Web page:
Accelerated Cortical Osteolysis of Metatarsals in Charcot Neuroarthropathy: A Cross-Sectional Observational Study

David R. Sinacore, Kirk E. Smith, Kathryn L. Bohnert, David J. Gutekunst, Jeffrey E. Johnson, Michael J. Strube

Research output: Contribution to journalArticlepeer-review

Abstract

Metatarsals are frequent sites of stress and fragility fractures in younger athletic populations and aging older adults. Metatarsal fractures are particularly common in Charcot neuroarthropathy (CN), a complication of diabetes mellitus (DM) and peripheral neuropathy (PN). Neuropathic metatarsal fractures may be caused by an accelerated cortical bone osteolysis and may be reflected as geometric-derived strength estimates from standard foot radiographs. The purpose of this cross-sectional study was to determine geometry and strength-derived estimates of the metatarsals in individuals with DM, PN, and CN compared with younger and older adult controls who were nondiabetic and nonneuropathic. We studied 62 participants: 20 young adult controls (YACs), 22 older adult controls (OACs), and 20 diagnosed with DMPN&CN. From weight-bearing radiographs, we measured the outer diaphysis diameter and inner marrow diameter at the distal, middle, and proximal diaphysis sites of the second and fifth metatarsal. From these diameters, we derived strength estimates of combined cortical width (CCt.Wi), percent cortical area (%Ct.rA), buckling ratio (BR), moment of inertia (MOI), and section modulus (SM) at each site in both metatarsals. DMPN&CN participants had an accelerated cortical thinning, decreased %Ct.Ar, increased BR, and lower MOI and SM compared with OACs and YACs. The OACs showed age-related decreases in CCt.Wi and % Ct.Ar, and increased BR. The BR demonstrated significant group × bone × site interaction with the distal fifth metatarsal in the DMPN&CN group having the lowest bone strength. The BR in the distal fifth metatarsal of DMPN&CN participants was 36% and 49% greater than in the OAC and YAC groups, respectively. DMPN&CN participants have lower metatarsal bone strength estimates compared with younger and older adult controls. Standard foot radiographs demonstrate an accelerated cortical osteolysis in DMPN&CN individuals, particularly in the distal fifth metatarsal diaphysis.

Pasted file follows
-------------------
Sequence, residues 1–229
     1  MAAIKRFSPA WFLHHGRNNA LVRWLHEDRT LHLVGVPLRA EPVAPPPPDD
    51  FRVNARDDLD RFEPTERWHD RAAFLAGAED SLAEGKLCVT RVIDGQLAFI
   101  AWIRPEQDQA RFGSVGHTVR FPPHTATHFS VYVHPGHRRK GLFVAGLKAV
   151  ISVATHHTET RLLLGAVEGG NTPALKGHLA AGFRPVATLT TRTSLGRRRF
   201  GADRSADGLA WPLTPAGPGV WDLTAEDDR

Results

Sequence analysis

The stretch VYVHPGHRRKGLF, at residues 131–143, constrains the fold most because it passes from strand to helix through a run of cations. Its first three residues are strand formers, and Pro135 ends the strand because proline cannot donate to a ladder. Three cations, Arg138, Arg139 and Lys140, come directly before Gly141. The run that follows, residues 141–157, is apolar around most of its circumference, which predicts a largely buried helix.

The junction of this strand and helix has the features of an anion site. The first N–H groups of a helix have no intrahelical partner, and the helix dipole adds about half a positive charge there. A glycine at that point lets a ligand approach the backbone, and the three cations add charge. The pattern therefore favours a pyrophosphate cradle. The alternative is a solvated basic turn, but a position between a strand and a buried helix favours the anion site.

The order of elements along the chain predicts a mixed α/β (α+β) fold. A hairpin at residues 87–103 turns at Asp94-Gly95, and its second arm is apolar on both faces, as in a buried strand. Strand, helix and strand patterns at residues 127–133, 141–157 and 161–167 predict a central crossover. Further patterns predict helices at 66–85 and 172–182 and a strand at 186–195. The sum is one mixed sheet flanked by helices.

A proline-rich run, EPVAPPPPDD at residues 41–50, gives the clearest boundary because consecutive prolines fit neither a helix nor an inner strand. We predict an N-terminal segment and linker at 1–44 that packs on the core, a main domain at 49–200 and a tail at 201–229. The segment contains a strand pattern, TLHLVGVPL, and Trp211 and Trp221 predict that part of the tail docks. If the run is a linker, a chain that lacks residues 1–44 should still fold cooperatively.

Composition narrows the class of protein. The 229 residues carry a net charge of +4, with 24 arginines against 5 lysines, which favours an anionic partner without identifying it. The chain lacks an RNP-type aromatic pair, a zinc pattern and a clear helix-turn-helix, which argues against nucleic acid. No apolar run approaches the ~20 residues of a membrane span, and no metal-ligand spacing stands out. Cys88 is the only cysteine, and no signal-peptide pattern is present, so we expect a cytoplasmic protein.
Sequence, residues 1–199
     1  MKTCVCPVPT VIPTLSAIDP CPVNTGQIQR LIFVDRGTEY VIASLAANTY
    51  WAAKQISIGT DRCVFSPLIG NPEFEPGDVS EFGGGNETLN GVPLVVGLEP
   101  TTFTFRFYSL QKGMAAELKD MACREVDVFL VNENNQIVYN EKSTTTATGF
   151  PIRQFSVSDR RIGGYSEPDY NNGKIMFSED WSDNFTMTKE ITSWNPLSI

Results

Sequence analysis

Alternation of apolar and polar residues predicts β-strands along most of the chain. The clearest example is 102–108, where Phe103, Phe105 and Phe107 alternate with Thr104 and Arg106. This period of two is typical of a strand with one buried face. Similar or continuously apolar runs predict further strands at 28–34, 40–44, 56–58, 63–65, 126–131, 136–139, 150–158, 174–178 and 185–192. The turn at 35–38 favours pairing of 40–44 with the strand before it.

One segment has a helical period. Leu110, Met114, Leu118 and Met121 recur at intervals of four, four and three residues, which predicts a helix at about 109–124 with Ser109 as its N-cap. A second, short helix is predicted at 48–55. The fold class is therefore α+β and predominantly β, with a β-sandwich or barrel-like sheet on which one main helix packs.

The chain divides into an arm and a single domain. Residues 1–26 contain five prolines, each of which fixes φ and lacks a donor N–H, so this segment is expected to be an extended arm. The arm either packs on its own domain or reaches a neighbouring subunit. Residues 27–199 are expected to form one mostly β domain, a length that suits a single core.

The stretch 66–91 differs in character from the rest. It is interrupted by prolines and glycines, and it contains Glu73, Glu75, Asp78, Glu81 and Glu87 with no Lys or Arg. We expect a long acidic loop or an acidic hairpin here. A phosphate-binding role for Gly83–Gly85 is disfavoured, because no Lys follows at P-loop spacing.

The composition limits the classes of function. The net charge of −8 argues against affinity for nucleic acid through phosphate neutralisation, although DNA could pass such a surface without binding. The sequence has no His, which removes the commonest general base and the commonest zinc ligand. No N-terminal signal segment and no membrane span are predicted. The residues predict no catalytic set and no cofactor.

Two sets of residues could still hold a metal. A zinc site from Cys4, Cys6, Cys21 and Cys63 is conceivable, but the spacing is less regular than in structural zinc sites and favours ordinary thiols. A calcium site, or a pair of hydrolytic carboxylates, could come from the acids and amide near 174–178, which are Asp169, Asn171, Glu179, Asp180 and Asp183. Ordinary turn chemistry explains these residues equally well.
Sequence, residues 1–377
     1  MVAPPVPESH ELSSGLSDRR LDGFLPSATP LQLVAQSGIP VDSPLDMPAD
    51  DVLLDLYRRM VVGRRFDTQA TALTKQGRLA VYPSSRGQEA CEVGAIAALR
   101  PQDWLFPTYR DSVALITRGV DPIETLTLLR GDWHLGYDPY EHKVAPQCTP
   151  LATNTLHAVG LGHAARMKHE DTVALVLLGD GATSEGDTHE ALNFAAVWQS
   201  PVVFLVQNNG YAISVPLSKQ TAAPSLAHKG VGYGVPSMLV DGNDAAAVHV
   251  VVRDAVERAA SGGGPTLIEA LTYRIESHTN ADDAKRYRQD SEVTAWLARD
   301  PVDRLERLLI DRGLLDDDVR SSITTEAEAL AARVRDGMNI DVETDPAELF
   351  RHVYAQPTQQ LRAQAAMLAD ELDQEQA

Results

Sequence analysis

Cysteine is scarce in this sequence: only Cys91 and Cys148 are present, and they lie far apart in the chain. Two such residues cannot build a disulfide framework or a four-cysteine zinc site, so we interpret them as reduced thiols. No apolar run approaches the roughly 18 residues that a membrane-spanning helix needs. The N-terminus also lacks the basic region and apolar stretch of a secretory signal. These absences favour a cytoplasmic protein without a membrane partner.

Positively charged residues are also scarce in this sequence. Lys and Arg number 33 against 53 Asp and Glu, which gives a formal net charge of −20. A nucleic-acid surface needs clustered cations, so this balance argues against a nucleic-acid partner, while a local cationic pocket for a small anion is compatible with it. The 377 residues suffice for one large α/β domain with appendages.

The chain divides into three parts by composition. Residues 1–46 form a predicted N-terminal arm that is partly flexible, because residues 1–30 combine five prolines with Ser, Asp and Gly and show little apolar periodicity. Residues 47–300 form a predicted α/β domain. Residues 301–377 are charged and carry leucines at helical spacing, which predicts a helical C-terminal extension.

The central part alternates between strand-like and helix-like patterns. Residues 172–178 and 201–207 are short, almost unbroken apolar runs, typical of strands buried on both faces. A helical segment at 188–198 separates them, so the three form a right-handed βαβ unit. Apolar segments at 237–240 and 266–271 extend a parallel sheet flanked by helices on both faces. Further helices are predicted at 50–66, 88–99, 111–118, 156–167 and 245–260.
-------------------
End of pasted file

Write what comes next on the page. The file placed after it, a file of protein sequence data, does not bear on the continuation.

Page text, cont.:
Original languageEnglish
Article numbere10243
JournalJBMR Plus
Volume3
Issue number12
DOIs
StatePublished - Dec 1 2019

Keywords

  • AGING
  • BIOMECHANICS
  • FRACTURE RISK ASSESSMENT
  • ORTHOPEDICS
  • PRACTICE/POLICY-RELATED ISSUES
  • RADIOLOGY

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